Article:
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How to build a new server?

My current MS SQL database server 2008 is running slow in Windows 2008 server. We want o build a new server also we want to use this new server for data center and prepare for a huge data growth.

I want to know, as a beginner DBA, can your experts to tell me the steps how I recommend to the company and approach I still go.

1. How do I refer to the current system to recommend the new system?
2. How big the RAM and memory space for the Windows server should I recommend? Why I take this numbers? what is the tool for the estimation
3. What hardware should I recommend? I am specially not familiar with this part. If you have more info, tell me about it like hardware component, hard drives, RAID, SAN box, storage...etc
4. After the server setup, how do I make the new server exact the same as the existing server? How to do the copy-over or what method I should use? replication, copy database...????? Is there a fast and easy way to make the new server exact the same as the old server?
5. How do I prepare for "not working" situation. I mean if the new server not working after started, what the steps should I take to prevent the loss?
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wasabi3689
Asked:
wasabi3689
3 Solutions
 
RaqueroCommented:
wasabi3689, while we can make general recommendations for minimum server specs, your questions indicate you may be better served by bringing in an expert to discuss your needs and provide hardware recommendations, migration assistance, and so on. If you do not have someone at your company who does this consider contacting a local reseller that specializes in servers and databases or possibly a consultant.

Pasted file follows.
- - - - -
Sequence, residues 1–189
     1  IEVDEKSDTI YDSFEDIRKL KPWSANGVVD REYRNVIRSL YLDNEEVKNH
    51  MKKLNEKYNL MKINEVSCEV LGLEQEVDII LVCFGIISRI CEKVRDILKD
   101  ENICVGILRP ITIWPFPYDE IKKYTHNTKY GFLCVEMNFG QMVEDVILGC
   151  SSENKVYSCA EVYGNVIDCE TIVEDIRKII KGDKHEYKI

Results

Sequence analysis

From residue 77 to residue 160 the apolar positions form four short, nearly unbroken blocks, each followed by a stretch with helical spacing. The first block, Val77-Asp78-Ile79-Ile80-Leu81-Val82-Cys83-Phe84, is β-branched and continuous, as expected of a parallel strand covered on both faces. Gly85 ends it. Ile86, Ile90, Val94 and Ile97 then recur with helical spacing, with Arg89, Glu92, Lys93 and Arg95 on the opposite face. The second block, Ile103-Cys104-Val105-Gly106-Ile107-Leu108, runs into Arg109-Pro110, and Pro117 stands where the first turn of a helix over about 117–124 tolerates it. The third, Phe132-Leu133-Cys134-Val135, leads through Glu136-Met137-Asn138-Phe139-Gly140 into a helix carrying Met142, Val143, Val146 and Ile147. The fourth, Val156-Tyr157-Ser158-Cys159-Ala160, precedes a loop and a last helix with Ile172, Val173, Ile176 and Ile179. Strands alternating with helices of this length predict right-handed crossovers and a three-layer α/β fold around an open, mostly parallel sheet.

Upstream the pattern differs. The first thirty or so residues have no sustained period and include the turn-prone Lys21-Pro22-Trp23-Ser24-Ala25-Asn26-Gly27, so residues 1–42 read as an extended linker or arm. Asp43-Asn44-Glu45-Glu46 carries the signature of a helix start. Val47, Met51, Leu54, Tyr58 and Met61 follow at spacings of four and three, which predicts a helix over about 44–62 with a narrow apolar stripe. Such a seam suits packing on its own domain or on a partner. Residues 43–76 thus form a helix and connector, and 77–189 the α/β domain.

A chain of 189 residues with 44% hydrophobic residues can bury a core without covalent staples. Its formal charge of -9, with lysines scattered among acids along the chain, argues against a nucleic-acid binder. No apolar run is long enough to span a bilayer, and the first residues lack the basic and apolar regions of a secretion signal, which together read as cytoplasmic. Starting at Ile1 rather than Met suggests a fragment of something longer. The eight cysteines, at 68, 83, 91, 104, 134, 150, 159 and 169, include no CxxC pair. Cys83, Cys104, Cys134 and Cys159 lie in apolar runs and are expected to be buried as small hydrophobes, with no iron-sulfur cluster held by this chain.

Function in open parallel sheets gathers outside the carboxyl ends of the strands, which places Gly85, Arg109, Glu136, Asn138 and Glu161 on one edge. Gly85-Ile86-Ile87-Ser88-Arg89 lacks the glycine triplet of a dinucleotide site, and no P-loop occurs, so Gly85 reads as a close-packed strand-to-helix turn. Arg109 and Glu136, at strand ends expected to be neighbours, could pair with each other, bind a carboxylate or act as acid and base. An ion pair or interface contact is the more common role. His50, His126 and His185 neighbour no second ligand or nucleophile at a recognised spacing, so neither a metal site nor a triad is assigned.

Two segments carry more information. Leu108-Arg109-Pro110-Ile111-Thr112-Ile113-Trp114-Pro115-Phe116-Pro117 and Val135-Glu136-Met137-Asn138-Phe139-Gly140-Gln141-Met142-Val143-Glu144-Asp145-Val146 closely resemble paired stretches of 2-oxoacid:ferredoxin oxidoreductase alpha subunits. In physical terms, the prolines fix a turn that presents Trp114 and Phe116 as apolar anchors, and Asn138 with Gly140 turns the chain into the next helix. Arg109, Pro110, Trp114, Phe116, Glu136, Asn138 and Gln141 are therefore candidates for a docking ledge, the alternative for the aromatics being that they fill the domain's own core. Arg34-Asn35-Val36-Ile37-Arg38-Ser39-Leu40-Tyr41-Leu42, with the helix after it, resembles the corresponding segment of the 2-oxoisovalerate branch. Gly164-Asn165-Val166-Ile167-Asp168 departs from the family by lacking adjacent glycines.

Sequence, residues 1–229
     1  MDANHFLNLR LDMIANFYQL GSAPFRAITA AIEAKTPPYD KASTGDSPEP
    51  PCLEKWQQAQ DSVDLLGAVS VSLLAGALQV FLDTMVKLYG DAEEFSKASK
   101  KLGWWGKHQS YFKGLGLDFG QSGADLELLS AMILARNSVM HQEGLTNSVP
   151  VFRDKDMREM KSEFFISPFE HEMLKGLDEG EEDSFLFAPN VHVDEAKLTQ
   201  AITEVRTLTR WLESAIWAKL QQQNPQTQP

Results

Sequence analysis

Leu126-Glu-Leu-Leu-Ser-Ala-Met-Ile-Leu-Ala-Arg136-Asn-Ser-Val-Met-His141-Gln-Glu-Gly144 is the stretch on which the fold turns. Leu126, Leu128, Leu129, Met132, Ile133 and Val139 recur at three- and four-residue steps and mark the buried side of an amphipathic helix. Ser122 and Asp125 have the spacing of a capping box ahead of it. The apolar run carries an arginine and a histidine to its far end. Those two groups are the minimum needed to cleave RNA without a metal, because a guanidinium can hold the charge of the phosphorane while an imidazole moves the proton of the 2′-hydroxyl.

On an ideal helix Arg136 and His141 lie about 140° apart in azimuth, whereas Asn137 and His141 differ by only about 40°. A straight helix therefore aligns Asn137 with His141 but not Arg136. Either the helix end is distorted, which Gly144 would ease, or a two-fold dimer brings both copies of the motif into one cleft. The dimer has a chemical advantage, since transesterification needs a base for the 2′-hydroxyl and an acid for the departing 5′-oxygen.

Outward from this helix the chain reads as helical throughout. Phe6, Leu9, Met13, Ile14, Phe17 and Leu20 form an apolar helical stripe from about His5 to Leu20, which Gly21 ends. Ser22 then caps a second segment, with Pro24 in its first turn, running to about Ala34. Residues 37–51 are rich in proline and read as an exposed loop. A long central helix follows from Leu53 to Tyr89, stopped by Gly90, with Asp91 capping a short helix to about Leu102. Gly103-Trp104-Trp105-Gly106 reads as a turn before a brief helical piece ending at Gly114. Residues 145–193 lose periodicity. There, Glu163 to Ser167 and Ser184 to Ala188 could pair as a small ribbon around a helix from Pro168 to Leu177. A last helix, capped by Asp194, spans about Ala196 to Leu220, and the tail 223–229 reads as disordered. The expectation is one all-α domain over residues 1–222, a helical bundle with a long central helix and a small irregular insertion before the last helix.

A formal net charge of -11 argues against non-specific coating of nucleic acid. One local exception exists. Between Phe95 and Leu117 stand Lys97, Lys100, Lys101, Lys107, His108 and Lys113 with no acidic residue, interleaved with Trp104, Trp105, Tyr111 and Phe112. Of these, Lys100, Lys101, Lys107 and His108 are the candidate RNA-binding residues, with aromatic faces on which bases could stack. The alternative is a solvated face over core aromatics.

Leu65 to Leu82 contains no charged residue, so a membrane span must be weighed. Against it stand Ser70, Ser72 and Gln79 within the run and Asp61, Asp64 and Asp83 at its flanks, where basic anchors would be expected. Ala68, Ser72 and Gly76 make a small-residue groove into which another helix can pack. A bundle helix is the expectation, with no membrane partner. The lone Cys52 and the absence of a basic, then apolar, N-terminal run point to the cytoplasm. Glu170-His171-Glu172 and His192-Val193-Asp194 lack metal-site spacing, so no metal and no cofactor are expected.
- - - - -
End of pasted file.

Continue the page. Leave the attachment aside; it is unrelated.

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wasabi3689Author Commented:
Actually, I have some ideas how I will do the recommendation. But, in order to have my recommendation better, I just throw out a dime here to brainstorm more ideas and make my plan better or remind me what I miss in my proposal.
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Olaf DoschkeSoftware DeveloperCommented:
Just another dime for you:

You talk of data center. The SQL Server 2008 R2 Datacenter Edition will be migrated into SQL Server 2012 Enterprise Edition. RC0 of SQL 2012 is out, so you should consider this instead of 2008 R2 already.

In regard of migration to new server, you make test runs, of course, so you don't get any surpirises of features not working due to some incompatibility of SQL2012 or the new server or your app or an update of the client side driver used.

In regard of hardware, the easiest thing to add is hdds (or PCIe SSD cards), RAM can also be extended quite easy, if you don't max out a new mainboard in the first place. And as SQL2012 Enterprise licensing will only be possible as a per core licensing, the decision for the most recent and flagship CPUs, even with a worse price/performance ratio is quite normal and is the part of the hardwaer you will hardly upgrade, but only with the next server to come.

Bye, Olaf.
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CallandorCommented:
Why is your company depending on a "beginner DBA" to do what a trained systems architect is paid to do?  Does your company not care about how they spend their money, or are they under the mistaken impression that they will save money by having someone learn-on-the-fly how to do it?

You haven't even explained why the server is slow; how can you fix it when you don't know what is the cause?  What have you done to analyze the root of the problem?
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wasabi3689Author Commented:
Good
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